While most Jews were busy celebrating Rosh Hashana, far-left journalist Amira Hass was regaling an audience in Vancouver with chilling tales of “the occupation” - the horrors that Hass claims Israel has been perpetrating against Arabs in Judea and Samaria for decades.

But besides talking politics, Hass also talked about Israeli society – and how she no longer sees herself as a part of it. Accusing Israel of being an “apartheid state” that was carrying out an “ethnic cleansing against Palestinians,” Hass told attendees at the event sponsored by Canadians for Justice and Peace in the Middle East – a far left “activist” group that supported the illegal Turkish flotilla and the attempted lynch of IDF soldiers – that she had felt far more welcome during the several periods she lived in Gaza and Ramallah than she did in the country of her birth.

And in an interview with Paul Weinberg of the Canadian site Rabble, Hass, the daughter of Holocaust refugees, said “To tell you the truth I cannot see myself living in a purely Jewish environment. I will not be able to move back to Israel if I had to, and to live in Tel Aviv or Jerusalem.... I told my Palestinian friends, who are Israeli citizens, okay if I am kicked out of Ramallah, I will go and live in a Palestinian neighborhood, in Israel itself.”

Hass is currently in Canada on a speaking tour. Hass espoused in person the solutions she has for years presented as a columnist at Ha'aretz; the need for a binational state, how Israel is the only party that is standing in the way of peace, the need for more international action against Israel, Israel as an “apartheid” state, etc.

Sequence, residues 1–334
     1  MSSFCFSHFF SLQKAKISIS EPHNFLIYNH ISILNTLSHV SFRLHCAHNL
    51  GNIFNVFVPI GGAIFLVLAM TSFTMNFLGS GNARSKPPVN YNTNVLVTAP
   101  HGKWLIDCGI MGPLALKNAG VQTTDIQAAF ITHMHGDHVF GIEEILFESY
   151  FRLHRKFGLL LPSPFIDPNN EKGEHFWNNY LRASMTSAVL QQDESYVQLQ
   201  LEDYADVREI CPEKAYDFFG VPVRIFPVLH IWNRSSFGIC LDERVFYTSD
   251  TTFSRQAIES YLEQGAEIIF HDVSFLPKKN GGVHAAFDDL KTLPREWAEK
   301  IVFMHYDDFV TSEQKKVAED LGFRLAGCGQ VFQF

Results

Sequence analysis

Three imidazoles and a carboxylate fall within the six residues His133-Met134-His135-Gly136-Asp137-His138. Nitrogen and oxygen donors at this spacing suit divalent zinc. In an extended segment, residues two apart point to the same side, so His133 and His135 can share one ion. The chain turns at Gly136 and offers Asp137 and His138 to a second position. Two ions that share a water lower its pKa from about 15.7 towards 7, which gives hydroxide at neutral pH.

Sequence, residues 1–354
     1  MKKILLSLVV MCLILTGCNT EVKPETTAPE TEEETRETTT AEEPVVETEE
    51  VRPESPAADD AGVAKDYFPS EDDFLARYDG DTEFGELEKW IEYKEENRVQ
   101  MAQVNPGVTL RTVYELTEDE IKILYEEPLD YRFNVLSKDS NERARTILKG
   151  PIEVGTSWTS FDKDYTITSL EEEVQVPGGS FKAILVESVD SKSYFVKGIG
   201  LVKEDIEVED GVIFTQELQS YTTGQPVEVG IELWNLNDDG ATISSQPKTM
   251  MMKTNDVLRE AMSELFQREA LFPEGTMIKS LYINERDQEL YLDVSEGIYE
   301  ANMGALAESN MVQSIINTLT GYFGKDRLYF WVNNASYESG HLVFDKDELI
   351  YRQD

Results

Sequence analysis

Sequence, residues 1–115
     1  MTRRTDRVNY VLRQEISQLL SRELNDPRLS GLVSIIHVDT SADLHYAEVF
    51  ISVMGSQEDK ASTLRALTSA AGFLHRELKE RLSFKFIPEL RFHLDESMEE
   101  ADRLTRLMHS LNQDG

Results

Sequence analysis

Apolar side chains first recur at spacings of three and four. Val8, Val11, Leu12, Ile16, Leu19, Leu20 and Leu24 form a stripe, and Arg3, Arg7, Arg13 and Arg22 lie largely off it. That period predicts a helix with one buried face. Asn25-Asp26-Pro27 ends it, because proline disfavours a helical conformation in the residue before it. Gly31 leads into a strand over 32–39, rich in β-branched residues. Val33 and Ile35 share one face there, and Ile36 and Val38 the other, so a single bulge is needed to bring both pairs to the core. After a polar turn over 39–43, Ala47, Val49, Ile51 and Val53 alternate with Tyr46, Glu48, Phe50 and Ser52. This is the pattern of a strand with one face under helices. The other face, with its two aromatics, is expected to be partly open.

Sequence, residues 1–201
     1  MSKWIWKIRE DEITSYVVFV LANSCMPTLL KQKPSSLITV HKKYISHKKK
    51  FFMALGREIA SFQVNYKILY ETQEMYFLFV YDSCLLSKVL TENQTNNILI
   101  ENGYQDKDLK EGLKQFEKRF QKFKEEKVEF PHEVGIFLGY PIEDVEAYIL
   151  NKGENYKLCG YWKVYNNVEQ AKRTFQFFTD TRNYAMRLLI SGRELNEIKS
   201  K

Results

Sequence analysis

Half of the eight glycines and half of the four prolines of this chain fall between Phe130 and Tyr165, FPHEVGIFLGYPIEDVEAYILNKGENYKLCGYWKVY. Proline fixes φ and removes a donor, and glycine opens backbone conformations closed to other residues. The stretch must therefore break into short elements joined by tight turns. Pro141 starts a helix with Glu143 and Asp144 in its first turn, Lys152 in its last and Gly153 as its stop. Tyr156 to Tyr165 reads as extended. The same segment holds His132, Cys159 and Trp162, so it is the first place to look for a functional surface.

Besides the Rosh Hashana talk in Vancouver, Hass had already spoken, or is scheduled to speak, to audiences in Calgary, Toronto, Montreal, Hamilton, Halifax, London, Saskatoon, and Winnipeg. That talk took place last Friday night, the night of Yom Kippur. Jewish community officials in both Vancouver and Winnipeg expressed sadness and shock that Hass was holding her events on the holiest days of the Jewish year, denying observant Jews the opportunity to come hear her speak, if they were so inclined.

Hass is not speaking for free; Kairos, a group that represents Christian churches and is a co-sponsor of the tour, said that tickets to the Canadian events cost $15 ($10 for students). The fee is to “offset the expenses of the tour and is not a fundraiser,” the Kairos website says.

Hass has written hundreds of columns over the years accusing Jewish residents of Judea and Samaria of almost every ill under the sun – but her allegations have often been called outright lies by those she accuses. And in at least one case, an Israeli court agreed with them, when members of the Hevron Jewish community sued Hass and Ha'aretz for claiming that they had defiled the body of a dead Arab, kicking it and spitting on it. The 2001 incident occurred, Hass claimed, when IDF soldiers chased down and killed a terrorist in a Jewish neighborhood of Hevron. After the terrorist was killed, Hass said, Jews kicked the body and otherwise defiled it, before being shooed away by soldiers.

Jewish residents of Hevron denied the charges, and demanded that Hass retract the story. She refused, and the community sued – with the court agreeing, after seeing evidence in the form of television video, that Hass had made the story up out of whole cloth. Ha'aretz was forced to pay NIS 250,000 in damages for the story that the court ruled had been libelous, with “malice aforethought” - an extremely rare decision for an Israeli court, where libel charges are usually too difficult to prove. Hass, in her defense, said that she had simply been “reporting the facts” as they had been supplied to her by local Arabs, and that it was the job of the paper's editors to check facts.